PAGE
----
The NBA is one of the most popular sports governing bodies in recent memory. Since Magic Johnson, Larry Bird, and Michael Jordan came onto the scene in the 1980s, NBA exploded into the global phenomenon it is now. As of 2014, the league owes its immense popularity to the superstar talents of LeBron James, Kevin Durant, Blake Griffin, and Chris Paul to name a few. In addition, the 2014 NBA Finals rematch between the San Antonio Spurs and Miami Heat saw the former capture its fifth NBA championship in franchise history.
Despite having the most exciting playoffs in recent memory, the NBA has been plagued by the the ongoing Donald Sterling affair. Although the Los Angeles Clippers have been sold to Steve Ballmer, Donald Sterling continues to be a thorn at the side of the NBA, threatening the league with a lawsuit in a vain attempt to lift the lifetime ban instituted towards him. If the NBA commissioner Adam Silver and the Board of Governors are looking for the reason they’re in the current mess they’re in now, they only need to look into a mirror.
The leaked taped conversation between Sterling and his mistress Stiviano, in which he didn’t want his mistress associating with Magic Johnson, is but a morsel of how vile this man has been to the United States. Sterling has had an indefensible history of enforcing housing discrimination against Blacks, Latino/as, and Asians. However, even as Sterling sued twice for housing discrimination, one in 2003 and the other in 2006, the NBA board of directors and then-commissioner David Stern did nothing to discipline him. In fact, the NAACP gave Donald Sterling a lifetime award in 2009 and the NBA awarded the owner of the much maligned franchise with by trading him Chris Paul from the New Orleans Hornets in 2011.
Let’s put this into perspective: the NBA didn’t give a damn about Donald Sterling (and his wife Shelly) enforcing housing discrimination against working class communities of color. Yet the moment he says racist remarks about Magic Johnson, a wealthy 5 time champion Hall of Fame former superstar, the entire world is quick to condemn him. Notice anything wrong with this?
Why didn’t the NBA (owners, players, and otherwise) care about Donald Sterling’s problematic behavior in regards to race and class? He clearly had issues with racial discrimination inside the NBA. In addition, past Clipper players have characterized him as having a mentality similar to a 19th century White slave master. Could it have been that Sterling turned a previously unprofitable Clipper franchise in San Diego into another valuable team in LA? Could it have been his relationship with Dr. Jerry Buss, whom he helped purchase the most storied franchise in LA? Could it have been his close relationship with David Stern?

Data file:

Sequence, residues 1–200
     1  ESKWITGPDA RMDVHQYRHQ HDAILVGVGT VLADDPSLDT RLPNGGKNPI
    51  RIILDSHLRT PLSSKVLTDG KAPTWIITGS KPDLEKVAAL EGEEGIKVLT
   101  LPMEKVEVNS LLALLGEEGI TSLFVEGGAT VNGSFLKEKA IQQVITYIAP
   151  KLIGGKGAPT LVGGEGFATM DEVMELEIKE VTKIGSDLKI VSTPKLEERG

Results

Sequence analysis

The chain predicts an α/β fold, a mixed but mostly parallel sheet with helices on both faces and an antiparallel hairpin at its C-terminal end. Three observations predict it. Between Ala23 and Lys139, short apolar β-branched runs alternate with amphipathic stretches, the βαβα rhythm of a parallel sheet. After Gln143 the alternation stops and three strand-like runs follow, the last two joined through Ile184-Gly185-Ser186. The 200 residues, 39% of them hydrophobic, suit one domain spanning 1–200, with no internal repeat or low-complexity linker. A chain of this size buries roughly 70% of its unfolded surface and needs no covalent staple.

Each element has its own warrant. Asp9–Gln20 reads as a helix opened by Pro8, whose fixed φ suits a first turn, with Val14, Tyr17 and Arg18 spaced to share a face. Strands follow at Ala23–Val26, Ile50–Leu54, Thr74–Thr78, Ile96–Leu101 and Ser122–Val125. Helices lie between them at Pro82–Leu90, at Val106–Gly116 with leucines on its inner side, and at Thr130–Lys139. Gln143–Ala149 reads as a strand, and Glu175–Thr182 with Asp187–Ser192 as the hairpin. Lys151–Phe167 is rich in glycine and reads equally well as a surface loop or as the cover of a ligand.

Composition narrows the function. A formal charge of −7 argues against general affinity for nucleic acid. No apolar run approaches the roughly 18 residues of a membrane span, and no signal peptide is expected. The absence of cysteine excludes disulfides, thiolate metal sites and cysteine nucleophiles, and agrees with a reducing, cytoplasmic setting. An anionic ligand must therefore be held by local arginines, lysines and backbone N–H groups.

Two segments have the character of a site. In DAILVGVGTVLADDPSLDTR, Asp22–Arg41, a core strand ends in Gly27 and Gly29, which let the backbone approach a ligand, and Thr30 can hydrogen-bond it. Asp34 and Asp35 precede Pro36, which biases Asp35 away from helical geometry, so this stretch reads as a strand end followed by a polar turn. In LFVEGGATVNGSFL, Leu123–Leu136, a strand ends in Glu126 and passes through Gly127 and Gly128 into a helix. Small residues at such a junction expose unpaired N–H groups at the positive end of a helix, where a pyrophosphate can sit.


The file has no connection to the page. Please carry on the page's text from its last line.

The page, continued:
Here’s my answer: the majority of the NBA did not care about Sterling’s behavior because these wealthy individuals (White, Black, or otherwise) cannot, or will not, empathize with the plight of poor/working class people of color. If you need a poignant example of this contempt of poor people, you need to look no further then remarks made by NBA legend and Charlotte Hornets owner Michael Jordan.
The reaction to Sterling’s remarks are more telling about the NBA and society at large. On one hand, the outraged majority claimed that racism had no place in the league and that the NBA should be more “colorblind.” On the other hand, his wealthy defenders such as Hall of Famer Kareem Abdul Jabbar and Mavericks Owner Mark Cuban, defended his right to privacy while conveniently ignoring the aforementioned housing discrimination practices. Both sides clearly exhibit very little care or concern over the rights of the working class communities of color Sterling trotted on for over 30 years. Instead, they were (and still are) more concerned over how damaging Sterling’s interpersonal racist attitudes may be to the brand of the NBA and the value of the Clippers franchise (which sold for over $2 billion).
As a result of this whole debacle, Donald Sterling, like the Ku Klux Klan and Neo-Nazis before him, has been scapegoated by the League and society as the quintessential racist bad guy. He is, in our cultural imagination, a fossil from a time period where White men could openly call someone a “nigger” or a “sambo” with absolute impunity. His plantation slave master-like behavior is distasteful for more a “politically correct” and “morally enlightened” time period of the 21st century. However, Sterling is not a relic of yersteryear, but a member of a dominant class of wealthy White men who continue to exploit people of color whilst enacting structural oppression against them.
The NBA players, coaches, personnel, owners, administrators, and fans, like most of society, care little about the reality of structural oppression against marginalized communities. Them, like us, seem to want to ignore the conflicts linked to structural racism. Instead, they intend to lull us to into a deep dream where we see Blake Griffin dunking instead of the mass incarceration of Black and Brown people. A dream where we see a LeBron crossover (or cramp) instead of police brutality against people of color. A dream where we see NBA commercials of how we are one instead of how we are truly divided.
If we don’t wake up from this dream of postracial America, we are bound to be lost within the sea of ignorance associated with this false narrative of our nation. After all, the first and only reality about postracial America is that it does not exist. While we continue to hear the phrase, “Donald Sterling has no place in the NBA,” let us remember who gave him the table in the first place.